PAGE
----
Turkey does not have a great record on free speech -- but that has been changing. Over the last several years, academic conferences and television programs have publicly debated the Armenian accusations. The United States, however, has been less favorable toward such public conversations. Last year, the University of Southern California cancelled a conference titled "Turkish-Armenian Relations: The Turkish Perspective." A press release from the Armenian National Committee of America (ANCA) read, "The ANCA-WR, working with USC Armenian student groups, Alumni and school supporters, was able to demonstrate to USC officials the misguided and sinister nature of this panel which led to its cancellation."
A few years ago, Armenian students at USC protested the annual Turkish Night organized by the USC Turkish Student Association. The USC Daily Trojan reported that "the dance was shut down for safety," and that a party-goer who requested anonymity out of concern for his safety called the protesters "hostile-looking and intimidating."
Recently, a concert at Brown University titled "The Armenian Composers of the Ottoman Period," in which two Armenian and two Turkish musicians were to perform, was cancelled. Its aim was to bring together Turks and Armenians through music, but the Armenians who agreed to participate faced tremendous pressure to keep their distance from the Turks.
Many Turkish Americans fear the Armenian American community's power in the United States. They don't understand why no doubt exists about what happened between Armenians and Turks. They wonder why no one remembers the murdered Turkish diplomats by Armenian terrorists or numerous silenced academicians. They feel that the "genocide" claims feed an industry -- influential Armenian committees, non-governmental organizations and academics promoting their "truth" -- attached to politics. They understand that politicians need to get elected and must satisfy their constituents' needs. But they also demand an environment free of intimidation and fear.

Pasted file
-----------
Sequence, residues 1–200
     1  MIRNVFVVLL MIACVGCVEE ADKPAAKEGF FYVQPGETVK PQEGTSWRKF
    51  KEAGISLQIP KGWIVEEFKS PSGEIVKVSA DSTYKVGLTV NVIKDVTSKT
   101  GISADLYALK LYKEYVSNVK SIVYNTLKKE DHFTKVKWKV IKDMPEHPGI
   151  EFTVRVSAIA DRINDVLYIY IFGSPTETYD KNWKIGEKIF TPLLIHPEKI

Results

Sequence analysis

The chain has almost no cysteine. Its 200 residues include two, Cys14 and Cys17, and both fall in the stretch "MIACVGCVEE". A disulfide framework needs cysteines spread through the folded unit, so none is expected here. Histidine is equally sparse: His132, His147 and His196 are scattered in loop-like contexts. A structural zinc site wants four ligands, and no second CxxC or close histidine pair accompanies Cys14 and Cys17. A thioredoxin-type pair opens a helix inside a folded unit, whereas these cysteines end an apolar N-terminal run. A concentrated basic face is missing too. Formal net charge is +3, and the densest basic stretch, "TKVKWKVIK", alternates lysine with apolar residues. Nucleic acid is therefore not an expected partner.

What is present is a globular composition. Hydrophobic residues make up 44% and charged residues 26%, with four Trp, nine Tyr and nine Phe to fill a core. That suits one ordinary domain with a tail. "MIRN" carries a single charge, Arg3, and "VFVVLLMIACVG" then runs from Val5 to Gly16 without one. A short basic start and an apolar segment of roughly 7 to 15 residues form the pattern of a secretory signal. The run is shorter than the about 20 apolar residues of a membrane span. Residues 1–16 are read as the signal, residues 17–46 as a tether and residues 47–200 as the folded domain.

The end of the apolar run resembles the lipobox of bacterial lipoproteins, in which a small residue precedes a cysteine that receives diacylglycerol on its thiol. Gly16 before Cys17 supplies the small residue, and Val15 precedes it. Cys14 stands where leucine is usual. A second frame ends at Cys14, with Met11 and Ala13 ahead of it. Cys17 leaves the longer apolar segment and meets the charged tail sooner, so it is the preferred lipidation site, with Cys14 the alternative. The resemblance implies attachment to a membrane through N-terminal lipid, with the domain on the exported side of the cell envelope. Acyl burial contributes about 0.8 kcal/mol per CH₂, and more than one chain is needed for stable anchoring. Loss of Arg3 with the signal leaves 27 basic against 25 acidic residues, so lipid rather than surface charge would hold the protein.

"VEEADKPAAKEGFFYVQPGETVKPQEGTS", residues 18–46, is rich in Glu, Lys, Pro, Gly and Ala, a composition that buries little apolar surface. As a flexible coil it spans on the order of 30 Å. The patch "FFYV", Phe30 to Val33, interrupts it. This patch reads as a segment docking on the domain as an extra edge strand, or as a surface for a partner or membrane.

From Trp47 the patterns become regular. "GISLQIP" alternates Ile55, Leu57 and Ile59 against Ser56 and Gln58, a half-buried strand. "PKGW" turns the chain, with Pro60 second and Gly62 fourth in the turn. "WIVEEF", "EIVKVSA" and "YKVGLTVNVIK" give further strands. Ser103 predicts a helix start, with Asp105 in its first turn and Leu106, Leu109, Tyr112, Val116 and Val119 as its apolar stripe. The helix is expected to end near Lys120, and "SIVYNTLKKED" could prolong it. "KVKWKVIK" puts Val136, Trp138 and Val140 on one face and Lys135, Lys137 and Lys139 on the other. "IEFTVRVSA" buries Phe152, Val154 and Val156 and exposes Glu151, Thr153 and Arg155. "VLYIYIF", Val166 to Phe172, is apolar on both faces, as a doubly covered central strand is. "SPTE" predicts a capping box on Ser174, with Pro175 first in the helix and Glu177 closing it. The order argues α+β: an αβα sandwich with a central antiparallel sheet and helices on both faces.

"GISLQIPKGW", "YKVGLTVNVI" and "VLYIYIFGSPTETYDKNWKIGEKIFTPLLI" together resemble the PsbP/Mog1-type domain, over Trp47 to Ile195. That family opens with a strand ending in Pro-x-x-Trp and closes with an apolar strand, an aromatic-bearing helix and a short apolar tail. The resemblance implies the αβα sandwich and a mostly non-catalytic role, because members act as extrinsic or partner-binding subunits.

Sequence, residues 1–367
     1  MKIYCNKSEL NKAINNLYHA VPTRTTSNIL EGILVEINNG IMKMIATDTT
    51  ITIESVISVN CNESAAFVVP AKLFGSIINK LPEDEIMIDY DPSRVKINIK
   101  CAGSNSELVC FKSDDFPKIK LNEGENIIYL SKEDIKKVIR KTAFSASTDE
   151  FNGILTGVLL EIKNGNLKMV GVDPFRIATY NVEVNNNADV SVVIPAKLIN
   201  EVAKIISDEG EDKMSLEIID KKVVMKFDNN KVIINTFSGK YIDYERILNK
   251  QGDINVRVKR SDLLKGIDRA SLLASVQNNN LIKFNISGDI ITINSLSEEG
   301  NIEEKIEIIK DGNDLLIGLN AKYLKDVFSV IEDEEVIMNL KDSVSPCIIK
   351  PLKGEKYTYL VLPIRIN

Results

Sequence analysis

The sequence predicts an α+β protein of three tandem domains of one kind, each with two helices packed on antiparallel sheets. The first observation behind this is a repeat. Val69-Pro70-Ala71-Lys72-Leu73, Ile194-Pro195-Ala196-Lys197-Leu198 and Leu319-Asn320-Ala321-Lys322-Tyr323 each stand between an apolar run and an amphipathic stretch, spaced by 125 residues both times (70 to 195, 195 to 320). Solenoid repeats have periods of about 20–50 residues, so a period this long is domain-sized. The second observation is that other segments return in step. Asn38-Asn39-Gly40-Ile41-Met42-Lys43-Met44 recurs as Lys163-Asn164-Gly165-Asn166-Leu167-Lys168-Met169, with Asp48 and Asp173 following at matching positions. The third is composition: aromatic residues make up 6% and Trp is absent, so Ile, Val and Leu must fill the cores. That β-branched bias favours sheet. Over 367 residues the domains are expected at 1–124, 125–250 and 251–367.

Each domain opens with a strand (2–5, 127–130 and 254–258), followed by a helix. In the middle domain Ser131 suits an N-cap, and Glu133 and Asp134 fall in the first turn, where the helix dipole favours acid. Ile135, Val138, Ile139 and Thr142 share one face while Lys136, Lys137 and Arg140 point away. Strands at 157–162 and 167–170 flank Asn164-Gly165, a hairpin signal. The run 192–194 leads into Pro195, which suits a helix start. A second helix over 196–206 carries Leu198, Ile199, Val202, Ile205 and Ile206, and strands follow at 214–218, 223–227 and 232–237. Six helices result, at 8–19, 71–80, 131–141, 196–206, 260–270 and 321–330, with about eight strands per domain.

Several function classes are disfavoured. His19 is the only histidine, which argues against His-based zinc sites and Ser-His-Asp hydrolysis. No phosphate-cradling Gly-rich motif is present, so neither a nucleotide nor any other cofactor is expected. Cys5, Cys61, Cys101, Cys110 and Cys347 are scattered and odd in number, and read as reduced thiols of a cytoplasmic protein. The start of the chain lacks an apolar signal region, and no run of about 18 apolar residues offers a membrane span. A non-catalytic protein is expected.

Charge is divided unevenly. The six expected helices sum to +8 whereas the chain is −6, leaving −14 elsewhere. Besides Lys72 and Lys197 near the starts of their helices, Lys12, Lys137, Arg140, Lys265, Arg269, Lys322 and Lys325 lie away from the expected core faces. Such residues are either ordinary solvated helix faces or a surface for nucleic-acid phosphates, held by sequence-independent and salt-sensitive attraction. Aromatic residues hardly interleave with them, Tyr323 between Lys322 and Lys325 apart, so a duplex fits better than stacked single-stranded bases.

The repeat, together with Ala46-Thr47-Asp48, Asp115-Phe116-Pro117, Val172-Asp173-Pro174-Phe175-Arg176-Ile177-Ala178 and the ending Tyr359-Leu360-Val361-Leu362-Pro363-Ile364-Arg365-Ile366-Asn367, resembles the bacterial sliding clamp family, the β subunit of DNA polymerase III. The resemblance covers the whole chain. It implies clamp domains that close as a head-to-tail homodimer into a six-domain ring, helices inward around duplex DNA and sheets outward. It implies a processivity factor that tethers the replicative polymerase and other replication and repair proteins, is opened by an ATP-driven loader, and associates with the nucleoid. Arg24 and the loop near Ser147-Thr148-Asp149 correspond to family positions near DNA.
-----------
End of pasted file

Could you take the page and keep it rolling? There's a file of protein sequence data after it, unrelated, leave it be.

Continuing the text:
Tulin Daloglu is a free-lance writer.

Oz Kanka said...

Amazing how every discussion comes back to the genocide debate.

Anyway, I only watched two matches this week, the Man. United match and the Bremen - Alkmaar match. Not much of a sample but I thought the referees were quite good in both games.

Now, time to head for the pub for pre-match drinks. Fingers crossed I will come back to this blog sometime tonight in an extremely loud, condescending and offensive manner.

Eski Kanka Jim said...

Good on yer Oz Kanka.

I do not intend to discuss in-depth politics here, except perhaps to say that we in Turkey have moved on into the 21st Century. The Armenian `thingie` has been consigned to history !!!

As for tonight, I am wearing red and black and will be screaming, shouting (and yes.... swearing) alongside Oz Kanka for YooRo footie to return to Turkey's FIRST City.......... ANKARA !!!!

Gulay said...

Well Oz, if you read the post you would see that I also felt the Man U ref was okay, it was the Tottenham and Milan games that were really bad this week.....and the Milan and most other games the week before.....and I really do not understand why kevork has posted this stuff here??????

Oz Kanka said...

Rightio, I'm back and I'm not extremely loud, condescending or acting in an offensive manner (not much anyway).

Have to say though that the ref tonight had obviously checked out your post on how to be a complete one-sided .......

I think you can guess what that last word was.